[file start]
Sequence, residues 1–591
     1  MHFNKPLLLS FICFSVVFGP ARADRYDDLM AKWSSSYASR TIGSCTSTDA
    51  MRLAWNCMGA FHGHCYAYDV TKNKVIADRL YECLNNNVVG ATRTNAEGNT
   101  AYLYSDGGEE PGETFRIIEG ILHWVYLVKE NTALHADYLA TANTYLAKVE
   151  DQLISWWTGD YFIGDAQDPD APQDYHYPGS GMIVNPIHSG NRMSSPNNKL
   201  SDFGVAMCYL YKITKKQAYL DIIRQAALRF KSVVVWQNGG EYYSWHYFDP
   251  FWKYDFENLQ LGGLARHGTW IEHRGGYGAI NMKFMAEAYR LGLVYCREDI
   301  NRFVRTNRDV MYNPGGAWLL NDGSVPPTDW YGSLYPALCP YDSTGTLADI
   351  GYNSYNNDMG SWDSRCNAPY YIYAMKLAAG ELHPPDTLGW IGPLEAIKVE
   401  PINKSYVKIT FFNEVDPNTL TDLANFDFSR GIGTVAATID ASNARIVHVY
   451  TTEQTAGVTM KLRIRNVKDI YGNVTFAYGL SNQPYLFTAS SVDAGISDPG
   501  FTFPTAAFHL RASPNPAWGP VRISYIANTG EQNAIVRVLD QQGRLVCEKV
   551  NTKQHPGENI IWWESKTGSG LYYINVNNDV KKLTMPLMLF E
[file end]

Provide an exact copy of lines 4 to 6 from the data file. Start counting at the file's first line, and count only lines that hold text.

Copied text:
   101  AYLYSDGGEE PGETFRIIEG ILHWVYLVKE NTALHADYLA TANTYLAKVE
   151  DQLISWWTGD YFIGDAQDPD APQDYHYPGS GMIVNPIHSG NRMSSPNNKL
   201  SDFGVAMCYL YKITKKQAYL DIIRQAALRF KSVVVWQNGG EYYSWHYFDP